Digital transformation is ‘changing the role of the website’

Digital transformation brings a huge number of opportunities for development, growth and innovation for SMEs, but they often face different challenges compared to their enterprise-size counterparts.

One of the biggest mistakes that fast-growth companies can do during the transition is too little investment and focus on their biggest digital asset – their website, which according to Alchemy Digital, is now playing a completely new role.

IDC has stated that two thirds of UK SMEs are already using new technology to improve their business via a digital transformation strategy, which involves the strategic move of some or all of a company’s systems to the cloud in order to drive operational efficiencies, increase the opportunities for innovation and become more competitive.

>See also: Why a strong website is vital for business success

It is also a critical step in improving the way that companies engage and communicate with its audiences, by integrating all web and mobile channels to ensure consistency across customer touch points.

Will Morris, managing partner of web design agency, Alchemy Digital, suggested that one of the key questions companies need to ask is how the website meets existing and future business objectives.

He said that “digital transformation may seem like the reserve of enterprises, but the UK’s medium and small businesses are quickly recognising that it unleashes a whole new world of creativity and innovation that positively impacts business growth. As part of that, the website has a new role to play; it needs to meet a whole new set of considerations and order to support that growth. While it might be easy to pick up quick fixes to revamp the website, such as template kits, they don’t truly align with what’s needed in the long term.”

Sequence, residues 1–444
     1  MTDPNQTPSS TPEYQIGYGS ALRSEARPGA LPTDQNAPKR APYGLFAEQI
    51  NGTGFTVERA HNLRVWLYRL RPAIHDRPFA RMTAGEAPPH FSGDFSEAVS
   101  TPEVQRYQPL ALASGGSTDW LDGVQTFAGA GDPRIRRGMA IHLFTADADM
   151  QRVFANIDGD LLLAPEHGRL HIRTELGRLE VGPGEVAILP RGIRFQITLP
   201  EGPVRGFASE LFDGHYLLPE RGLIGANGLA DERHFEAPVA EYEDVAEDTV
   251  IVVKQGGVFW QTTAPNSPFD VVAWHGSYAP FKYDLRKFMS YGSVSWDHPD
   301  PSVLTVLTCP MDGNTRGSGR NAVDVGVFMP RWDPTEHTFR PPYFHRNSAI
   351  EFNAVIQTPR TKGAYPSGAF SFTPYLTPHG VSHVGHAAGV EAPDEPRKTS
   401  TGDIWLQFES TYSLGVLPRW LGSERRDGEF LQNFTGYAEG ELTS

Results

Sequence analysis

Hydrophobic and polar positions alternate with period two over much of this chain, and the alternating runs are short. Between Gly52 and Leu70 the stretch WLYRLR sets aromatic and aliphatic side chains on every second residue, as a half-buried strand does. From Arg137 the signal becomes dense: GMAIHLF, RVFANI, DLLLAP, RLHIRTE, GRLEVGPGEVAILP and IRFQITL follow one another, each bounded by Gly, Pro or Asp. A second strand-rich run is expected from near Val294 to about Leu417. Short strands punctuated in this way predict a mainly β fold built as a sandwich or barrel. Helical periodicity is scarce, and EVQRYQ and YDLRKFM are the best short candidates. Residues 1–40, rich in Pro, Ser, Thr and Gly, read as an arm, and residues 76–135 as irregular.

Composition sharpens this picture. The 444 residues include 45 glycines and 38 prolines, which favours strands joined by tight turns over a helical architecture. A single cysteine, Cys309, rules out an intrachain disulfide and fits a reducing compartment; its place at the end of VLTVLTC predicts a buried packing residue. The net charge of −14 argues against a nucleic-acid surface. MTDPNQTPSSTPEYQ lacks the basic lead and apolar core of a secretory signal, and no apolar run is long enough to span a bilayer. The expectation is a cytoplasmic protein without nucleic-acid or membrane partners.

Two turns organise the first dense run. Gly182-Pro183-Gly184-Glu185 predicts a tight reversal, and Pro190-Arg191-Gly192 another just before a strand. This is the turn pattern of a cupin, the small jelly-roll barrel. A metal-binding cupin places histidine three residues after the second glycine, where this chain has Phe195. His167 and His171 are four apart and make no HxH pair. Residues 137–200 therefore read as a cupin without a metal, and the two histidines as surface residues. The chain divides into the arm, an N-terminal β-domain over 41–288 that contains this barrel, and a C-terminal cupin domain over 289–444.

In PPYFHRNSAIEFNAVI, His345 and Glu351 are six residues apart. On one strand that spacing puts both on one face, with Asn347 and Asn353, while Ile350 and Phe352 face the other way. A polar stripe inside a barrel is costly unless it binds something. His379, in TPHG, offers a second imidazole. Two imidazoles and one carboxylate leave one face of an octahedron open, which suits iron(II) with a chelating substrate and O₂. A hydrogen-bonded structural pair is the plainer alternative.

>See also: WordPress vs Wix: which is best for your new business website?

“Mobile is a critical part of that strategy; not just making sure your website looks nice on a mobile device or re-sizing the site for the screen, but designing it for mobile from the ground up. Make it truly responsive – not as a nice to have, but an essential. Lead with regularly updated content relevant to your audience that will take them on a journey, and ultimately remember it has to be easy to use with a thumb and fingers.”

Today’s websites need to be designed to solve a problem, not sit there looking pretty, Morris suggested, especially as they become increasingly complex to produce, and require integration with back end systems to become the platform for an entirely unified system.

“Close scrutinisation of the performance of the website across desktop and mobile is essential in the transformation process – especially for customer-facing sites where it is considered the focus of the customer experience.”

>See also: How machine learning and fonts can help prevent website attacks

“The sheer amount of data that can be captured and analysed via the website is also a boon for marketers, as it boosts other areas of digital transformation, such as a single customer view across channels, i.e. omni-channel customer engagement, personalisation and being able to pull data for advanced digital applications in mobile, such as location-based alerts, and so on.”

In conclusion, Morris believes that “the role of the website will always evolve, but a solidly designed platform will remain the rock hard foundation for some time. None of this can really be achieved with trendy out-of-the-box solutions; the only way is bespoke. To make your website truly work for your business now and in the future, it’s crucial to truly understand where the website sits as a part of your overall growth plans and ensure that you’re taking your audience on the journey that you need them to go on.”


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Nick Ismail

Nick Ismail is a former editor for Information Age (from 2018 to 2022) before moving on to become Global Head of Brand Journalism at HCLTech. He has a particular interest in smart technologies, AI and...

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